- The Quarantine Guide to… Shopping in Portswood Without Breaking The Law
- The Quarantine Guide to… Decorating Your Room Like You Don’t Already Hate It
- The Quarantine Guide to… Being Your Own Best Friend
- The Quarantine Guide to… Becoming Baller
- The Quarantine Guide to… Son, Sext and Suspicious Parents
- The Quarantine Guide to… Hot and Sweaty Birthdays for Loners
- The Quarantine Guide to… Terrible, Awful, Very Bad Haircuts
- The Quarantine Guide to… Living With Devil Children
- The Quarantine Guide to… Staying Sane
- The Quarantine Guide to… Cooking?
- The Quarantine Guide to… Lockdown Tzsujing Your Christmas Traditions!
Lockdown has helped me get more acquainted with the kitchen, for better or for worse, so I thought now was the best time of all to share some tips and tricks to making something in the kitchen.
Below are some fail safe techniques which have saved me a lot of trouble and are worthy of their own dusty and neglected cookbook.
Put a bit of this and a little bit of that
Gordon Ramsey’s Kitchen Nightmares are a great inspiration for my own chef persona. One of the things that make him the most upset in many of the restaurants he visits is that the food is very bland and sloppy. To fix this problem, just chuck in a little bit of this and sprinkle a little bit of that over everything. The beauty of this technique is that this and that can be anything. I put a bit of honey in my stir fry, and soy sauce in my porridge. Delicious.
Raw is a flaw
This is perhaps a personal preference but raw food is obviously a big nono. I used to avoid chicken and other things that could make me die, but instead I have grasped the cooking bull by its succulent horns and blasted everything in the oven until it is crisped and dry. Safe cooking is yum cooking and even a raw carrot can be deadly. Forgo the fridge, welcome the oven at 220°C.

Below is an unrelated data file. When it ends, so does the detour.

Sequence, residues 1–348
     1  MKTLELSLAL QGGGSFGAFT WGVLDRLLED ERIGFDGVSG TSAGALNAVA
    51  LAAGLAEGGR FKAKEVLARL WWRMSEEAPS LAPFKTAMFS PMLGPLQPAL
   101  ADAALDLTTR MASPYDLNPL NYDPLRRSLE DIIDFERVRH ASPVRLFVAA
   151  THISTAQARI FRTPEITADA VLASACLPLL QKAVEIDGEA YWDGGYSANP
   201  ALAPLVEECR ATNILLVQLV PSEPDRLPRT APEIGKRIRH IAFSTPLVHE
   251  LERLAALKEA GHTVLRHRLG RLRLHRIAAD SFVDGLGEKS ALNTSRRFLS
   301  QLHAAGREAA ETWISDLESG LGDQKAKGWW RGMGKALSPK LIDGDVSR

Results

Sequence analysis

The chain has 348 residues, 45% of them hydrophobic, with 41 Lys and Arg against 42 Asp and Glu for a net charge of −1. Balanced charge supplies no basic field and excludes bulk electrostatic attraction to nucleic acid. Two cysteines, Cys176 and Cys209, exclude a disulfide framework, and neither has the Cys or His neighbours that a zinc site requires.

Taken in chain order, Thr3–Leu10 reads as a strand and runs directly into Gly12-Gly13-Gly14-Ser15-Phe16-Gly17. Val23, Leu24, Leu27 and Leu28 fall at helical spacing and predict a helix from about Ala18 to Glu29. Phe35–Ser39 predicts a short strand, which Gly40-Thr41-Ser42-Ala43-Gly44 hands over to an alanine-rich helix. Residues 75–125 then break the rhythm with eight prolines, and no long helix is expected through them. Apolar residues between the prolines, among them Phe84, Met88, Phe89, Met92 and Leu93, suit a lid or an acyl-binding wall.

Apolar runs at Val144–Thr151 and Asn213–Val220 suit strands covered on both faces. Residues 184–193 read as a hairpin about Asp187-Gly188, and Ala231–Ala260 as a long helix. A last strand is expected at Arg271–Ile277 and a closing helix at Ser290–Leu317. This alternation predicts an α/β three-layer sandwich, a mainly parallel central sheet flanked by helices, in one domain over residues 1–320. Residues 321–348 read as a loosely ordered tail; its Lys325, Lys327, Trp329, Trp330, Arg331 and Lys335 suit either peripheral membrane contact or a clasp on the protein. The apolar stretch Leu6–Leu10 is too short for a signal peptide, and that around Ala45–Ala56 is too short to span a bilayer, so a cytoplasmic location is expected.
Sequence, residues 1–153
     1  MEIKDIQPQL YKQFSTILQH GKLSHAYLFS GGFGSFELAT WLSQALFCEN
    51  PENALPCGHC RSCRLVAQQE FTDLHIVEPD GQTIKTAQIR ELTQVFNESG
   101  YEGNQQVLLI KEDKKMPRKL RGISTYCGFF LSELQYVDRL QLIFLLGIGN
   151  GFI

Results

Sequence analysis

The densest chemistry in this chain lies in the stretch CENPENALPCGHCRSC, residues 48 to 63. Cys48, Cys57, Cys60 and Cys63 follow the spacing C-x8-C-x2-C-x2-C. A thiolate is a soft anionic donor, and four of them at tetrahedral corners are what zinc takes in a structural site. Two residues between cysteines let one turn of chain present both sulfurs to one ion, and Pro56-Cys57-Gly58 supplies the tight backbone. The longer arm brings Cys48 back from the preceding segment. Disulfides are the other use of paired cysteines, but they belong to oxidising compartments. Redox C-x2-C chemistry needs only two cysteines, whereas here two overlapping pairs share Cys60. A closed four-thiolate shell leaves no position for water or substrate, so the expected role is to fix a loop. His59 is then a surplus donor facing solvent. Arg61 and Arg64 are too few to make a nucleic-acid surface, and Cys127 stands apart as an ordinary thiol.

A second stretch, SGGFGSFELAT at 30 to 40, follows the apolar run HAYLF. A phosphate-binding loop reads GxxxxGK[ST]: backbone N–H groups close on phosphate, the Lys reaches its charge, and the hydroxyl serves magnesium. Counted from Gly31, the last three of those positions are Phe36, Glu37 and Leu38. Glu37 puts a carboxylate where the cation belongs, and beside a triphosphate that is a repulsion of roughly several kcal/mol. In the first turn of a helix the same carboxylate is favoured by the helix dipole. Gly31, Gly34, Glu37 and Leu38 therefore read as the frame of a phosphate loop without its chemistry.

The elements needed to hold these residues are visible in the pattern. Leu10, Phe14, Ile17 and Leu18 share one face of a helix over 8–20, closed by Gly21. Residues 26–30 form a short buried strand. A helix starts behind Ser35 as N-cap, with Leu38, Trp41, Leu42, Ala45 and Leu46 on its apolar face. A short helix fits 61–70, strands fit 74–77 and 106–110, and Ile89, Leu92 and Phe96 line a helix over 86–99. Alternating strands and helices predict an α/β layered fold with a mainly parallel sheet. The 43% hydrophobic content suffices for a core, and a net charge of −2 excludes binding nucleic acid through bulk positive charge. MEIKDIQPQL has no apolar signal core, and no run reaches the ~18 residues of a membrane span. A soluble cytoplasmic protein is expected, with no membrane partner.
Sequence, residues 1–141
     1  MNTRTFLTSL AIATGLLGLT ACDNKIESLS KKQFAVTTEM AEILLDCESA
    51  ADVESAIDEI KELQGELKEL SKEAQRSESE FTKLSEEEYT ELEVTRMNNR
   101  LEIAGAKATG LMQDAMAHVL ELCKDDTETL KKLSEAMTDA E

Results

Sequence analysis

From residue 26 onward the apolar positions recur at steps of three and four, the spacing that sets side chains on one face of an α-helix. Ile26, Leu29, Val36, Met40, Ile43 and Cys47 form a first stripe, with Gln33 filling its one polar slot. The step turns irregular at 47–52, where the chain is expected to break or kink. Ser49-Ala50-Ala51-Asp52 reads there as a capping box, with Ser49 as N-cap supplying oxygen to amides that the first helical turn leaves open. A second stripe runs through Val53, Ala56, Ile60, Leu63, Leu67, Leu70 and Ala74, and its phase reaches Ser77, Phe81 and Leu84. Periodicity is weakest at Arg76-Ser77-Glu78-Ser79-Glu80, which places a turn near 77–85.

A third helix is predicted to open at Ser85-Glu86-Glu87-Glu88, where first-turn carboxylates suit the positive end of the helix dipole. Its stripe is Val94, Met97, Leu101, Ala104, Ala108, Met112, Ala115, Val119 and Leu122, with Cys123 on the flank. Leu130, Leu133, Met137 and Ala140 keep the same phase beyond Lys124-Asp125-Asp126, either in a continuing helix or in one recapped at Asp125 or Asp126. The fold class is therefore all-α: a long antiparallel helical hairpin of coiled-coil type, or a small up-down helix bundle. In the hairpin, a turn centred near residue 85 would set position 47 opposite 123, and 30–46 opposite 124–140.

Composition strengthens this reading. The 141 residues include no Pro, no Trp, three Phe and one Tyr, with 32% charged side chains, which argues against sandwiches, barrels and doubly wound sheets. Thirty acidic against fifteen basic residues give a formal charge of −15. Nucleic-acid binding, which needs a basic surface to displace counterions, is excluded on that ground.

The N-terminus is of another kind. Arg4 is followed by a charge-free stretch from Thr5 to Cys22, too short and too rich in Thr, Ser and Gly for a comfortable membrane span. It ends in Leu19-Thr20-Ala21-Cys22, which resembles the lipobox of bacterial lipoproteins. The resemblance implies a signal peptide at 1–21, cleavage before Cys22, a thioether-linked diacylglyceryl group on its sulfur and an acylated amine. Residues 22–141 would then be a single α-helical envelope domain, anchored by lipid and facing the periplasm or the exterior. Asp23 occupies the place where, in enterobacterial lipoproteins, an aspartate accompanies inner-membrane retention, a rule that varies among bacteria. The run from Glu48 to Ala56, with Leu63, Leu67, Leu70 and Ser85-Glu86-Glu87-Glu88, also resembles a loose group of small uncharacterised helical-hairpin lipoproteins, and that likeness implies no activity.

Halt the salt
While some people have gotten more gym bunny throughout lockdown, I have certainly felt a bit hare-y about it all. In order to make sure my heart doesn’t stop, I have tried to cut down on the salt content in my food rather than do any exercise. While salt is thought to be important for seasoning, you can replace it with this and that, without really noticing the difference. Salt needed for a recipe? Change it for crushed-up ibuprofen. Need to give your steak a salt-crust? Encase it in marshmallow fluff. Your saltless soup craving a bit of rock dust? Put it in the bin.
Dress to impress
It’s a known saying that you eat with your eyes, but that doesn’t often just come down to the way you’ve adorned the plate. You yourself must look your best for the food to really be delicious, so set those piping hot meals aside while you wash and straighten your quarantine locks, put on your finest attire and slap on a new face. While the chances are your plates will be a bit cold when you’re ready to chow down, all palates will be suitably wet, all thanks to your decadent and pleasing style.
Cooking at home is not the be all and end all of being a successful chef. Many a culinary master actually just fobs off someone else and merely pretends it is their own stuff. Much like how Gary Linekar is not actually a crisp man, your £30 takeaway curry, rice, and extra bits can be presented as though they are the product of your own blood, sweat, and kitchen appliances, so long as nobody checks the bin afterwards.